Now, look at this example of a Kanban board that shows the exact same information. Can you tell there is an issue? Moreover, can you pinpoint where the issue lies?
The difference between the two boards is in the way the data is presented. In the visual board example, the testing item, shown in red, is obvious: Because a milestone was missed (beginning testing on the 7th), an automatic email alert has been sent to Bill, the task owner and Karen, the team member who is waiting downstream for Bill to complete his task before beginning hers.
The card has also been assigned a “high” priority, which is represented as a pink icon in the lower right corner of the card. In addition, the card is colored red, indicating there are defects (test items) that need attention. Because the card colors are known to the team, everyone who views this project board can understand within seconds whether there are critical items that need attention.
Which view of the data provides the most comprehensive information? Even though the data itself is almost identical, most people would agree that the data presented in the visual project board is much easier to understand. Using a visual Agile tool that allows team members to “subscribe” to changes and get automatically updated about project status may have made it easier for Bill and Karen’s team to communicate effectively.
Now, multiply the time wasted in this scenario by 10, 20, or 50 team member interactions. The cumulative effect of communication breakdowns can cost companies millions of dollars each year if not kept in check. Using the visual data presented on a project board allows team members to keep up with the constantly changing state of a project’s details while saving time.
Benefits of Using Agile Tools for Software Development Teams
Visual Agile project management software helps teams “see” a project at a glance and helps individuals on a team understand the details without spending too much time inside the tool.
Teams that practice Agile can benefit from using Agile project management software in many ways. Applying the principles of Agile, Agile software makes it easier for teams to work iteratively while improving existing processes.
Agile project management software helps teams in the following areas:
- Project planning and visibility
- Productivity and efficiency tracking
- Tracking bug fixes
- Managing backlogs
The planning phase of a project is important to any team practicing Agile because it lays the foundation for proper budgeting, resource allocation, team member headcount and timeline. Ongoing planning in Agile is equally important because it gives teams multiple opportunities to adjust expectations.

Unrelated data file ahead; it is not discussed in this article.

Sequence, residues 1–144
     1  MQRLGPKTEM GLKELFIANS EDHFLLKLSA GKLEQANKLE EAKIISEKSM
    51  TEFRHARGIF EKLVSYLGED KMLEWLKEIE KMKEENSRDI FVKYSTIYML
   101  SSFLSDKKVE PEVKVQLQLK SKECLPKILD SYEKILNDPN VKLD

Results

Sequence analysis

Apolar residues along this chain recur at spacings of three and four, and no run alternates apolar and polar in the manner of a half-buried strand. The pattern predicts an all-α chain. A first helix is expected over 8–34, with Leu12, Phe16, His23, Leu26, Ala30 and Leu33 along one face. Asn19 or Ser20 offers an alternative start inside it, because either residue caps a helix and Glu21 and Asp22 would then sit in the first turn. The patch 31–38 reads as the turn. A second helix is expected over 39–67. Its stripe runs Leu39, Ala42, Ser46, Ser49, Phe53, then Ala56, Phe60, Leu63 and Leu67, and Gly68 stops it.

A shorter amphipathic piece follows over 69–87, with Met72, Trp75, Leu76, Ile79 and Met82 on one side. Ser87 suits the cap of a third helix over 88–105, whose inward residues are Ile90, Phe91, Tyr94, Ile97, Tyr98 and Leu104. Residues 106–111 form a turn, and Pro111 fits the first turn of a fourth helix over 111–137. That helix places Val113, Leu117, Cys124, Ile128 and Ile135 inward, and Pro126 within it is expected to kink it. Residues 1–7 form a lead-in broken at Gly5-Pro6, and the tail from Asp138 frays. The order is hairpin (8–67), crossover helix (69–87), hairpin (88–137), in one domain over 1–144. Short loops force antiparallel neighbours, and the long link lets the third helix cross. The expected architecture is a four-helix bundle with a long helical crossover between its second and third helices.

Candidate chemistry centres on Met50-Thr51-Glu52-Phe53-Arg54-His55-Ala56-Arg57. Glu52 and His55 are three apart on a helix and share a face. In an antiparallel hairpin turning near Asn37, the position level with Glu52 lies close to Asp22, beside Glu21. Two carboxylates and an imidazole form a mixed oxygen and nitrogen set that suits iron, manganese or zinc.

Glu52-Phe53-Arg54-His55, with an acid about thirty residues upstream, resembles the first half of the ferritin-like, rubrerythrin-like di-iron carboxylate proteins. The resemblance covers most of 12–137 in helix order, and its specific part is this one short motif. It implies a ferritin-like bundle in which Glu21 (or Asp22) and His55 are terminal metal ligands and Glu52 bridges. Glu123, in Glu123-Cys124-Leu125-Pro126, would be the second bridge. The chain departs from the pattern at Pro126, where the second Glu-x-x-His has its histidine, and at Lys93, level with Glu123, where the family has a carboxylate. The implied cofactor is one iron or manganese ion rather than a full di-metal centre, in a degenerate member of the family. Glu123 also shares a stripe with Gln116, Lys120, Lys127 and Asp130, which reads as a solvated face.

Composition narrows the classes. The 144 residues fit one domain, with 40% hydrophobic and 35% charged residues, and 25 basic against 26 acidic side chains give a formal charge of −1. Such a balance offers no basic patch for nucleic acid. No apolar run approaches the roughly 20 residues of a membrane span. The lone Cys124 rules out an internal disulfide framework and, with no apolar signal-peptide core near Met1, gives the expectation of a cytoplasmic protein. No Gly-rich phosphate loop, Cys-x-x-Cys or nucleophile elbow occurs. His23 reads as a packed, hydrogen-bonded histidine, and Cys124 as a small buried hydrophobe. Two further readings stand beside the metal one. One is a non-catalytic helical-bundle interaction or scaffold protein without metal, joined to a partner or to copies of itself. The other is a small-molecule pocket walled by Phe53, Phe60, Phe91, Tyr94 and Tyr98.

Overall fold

Status meetings or daily standups allow teams to discuss changes as they occur or as more information becomes available that may affect priorities.
Finally, when priorities change, it can impact the level of effort a project will take, and the capacity needed to get it done.
Productivity and efficiency tracking
Within the context of a project team, it is easy to mistake effort for results. A team may work long hours and still not be able to deliver a tangible product or demo.
This is usually because the productivity and / or efficiency of a team has not been optimized through the use of productivity and / or efficiency tracking. To make sure teams are functioning as efficiently as possible, Agile teams employ advanced tracking to measure key performance indicators such as cycle time, cumulative flow, and other metrics that indicate how well the team is meeting the needs of the customer.
In most projects, there are action items that are “must-haves,” and there are action items that are “nice-to-haves.” When teams prioritize, they may place tasks related to the primary focus at the top of the queue, while placing the less important tasks in a backlog. A backlog is a collection of “to-do” items that have been recorded and are being saved for future prioritization.
Creating a backlog using a list may allow a team to record the items, but a list does not paint a clear picture of who would do the work and whether that work is related to existing work in progress. Using a visual backlog management system is a great way for Agile teams to see a realistic view of their work so that teams can anticipate the upcoming workload and require people to meet those needs.